4 bernard 05.12.14 at 8:10 am

We have a small dog he is my wifes therapy dog but he also is her service dog but we take him every where

5 Patch Guglielmino 05.12.14 at 8:23 am

I have a well-trained Border Collie with medium hair. People do ask me why she isn’t one of those other breeds. And here is the kicker: Border Collies are crazy and hyper they say as my dog quietly lays by my side taking her job seriously. I wish people were allowed to look for the certification I carry because where I live near the city of Santa Rosa in California many many people have dogs that are not service dogs and they say they are. I work in a hospital and they bring in these misbehaved animals claiming service dogs and we can’t challenge it. This I believe is what is making it difficult for us who have off breeds that are legitimate service animals.

6 Jay richRdson 05.12.14 at 8:53 am

Story of my life! I have a 4 pound hearing dog and am constantly being told “that can’t be a service dog” – even when she is wearing her vest. I resist providing the audiology documentation because I find it demeaning, however, as a learning tool I will sometimes do that. There is a stereotype that all service dogs are mobility/sight dogs. My dog is small and has great ears that don’t miss a sound. She is truly my link to the environment!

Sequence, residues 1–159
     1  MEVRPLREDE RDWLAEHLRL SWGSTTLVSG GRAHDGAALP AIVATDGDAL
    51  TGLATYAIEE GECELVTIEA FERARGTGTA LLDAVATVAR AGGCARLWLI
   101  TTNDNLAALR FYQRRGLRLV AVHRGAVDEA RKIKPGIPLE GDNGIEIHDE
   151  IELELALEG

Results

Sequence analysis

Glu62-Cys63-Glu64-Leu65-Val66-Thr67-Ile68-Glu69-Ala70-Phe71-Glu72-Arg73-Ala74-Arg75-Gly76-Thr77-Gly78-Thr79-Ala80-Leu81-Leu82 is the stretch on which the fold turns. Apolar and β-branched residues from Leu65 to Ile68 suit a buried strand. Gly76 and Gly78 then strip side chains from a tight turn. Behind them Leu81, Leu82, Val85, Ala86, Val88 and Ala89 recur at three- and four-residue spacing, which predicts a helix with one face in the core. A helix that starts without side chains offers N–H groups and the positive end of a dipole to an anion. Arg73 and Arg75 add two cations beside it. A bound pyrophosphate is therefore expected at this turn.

7 Lu & Mocha 05.12.14 at 8:58 am

Mine is a 16lb cock-a-poo. She wears a vest and I have an ID for times when my MS or Seizures don’t allow me to speak clearly.
I’m in w.chair and she rides on my lap so I can see her signals, unless I need her assistance in staying on the sidewalk. Altho it can be exhausting at times, I use each outing as a teaching opportunity, sharing why she’s small, why she rides on my lap, what her jacket means.
All my Service Dogs have been small (for the last 30 years) and I can count on one hand the number of times it’s ever been an issue. We’ve even flown easily.
She’s always professional (no frilly clothes, collars or retractable leash—the we do have one for private romps).
Small dogs are becoming more of an issue, thanks in part due to folks trying to pass cute pets off as Service Dogs. Altho the dog’s demeanor (Service Dogs mean business and behave accordingly) usually makes things clear before long.
Smaller dogs have always been unusual simply because most folks DO need a big dog for the extra services they can provide (yet as the needs increase, folks who aren’t able to care for a big dog aren’t awarded one)……soooo communication, phrases like: “I’m glad you asked that question”, and etc., in my mind, are the key to raising a new generation of aware-savvy folks.
Sorry you’ve had problems. Wishing you all the best.

8 gayle 05.12.14 at 9:06 am

My service dog is a 140 pound Rottweiler.They are always taking pictures of him. Said I need to change his name to Hollywood.

9 Laurie 05.12.14 at 9:33 am

Hi folks,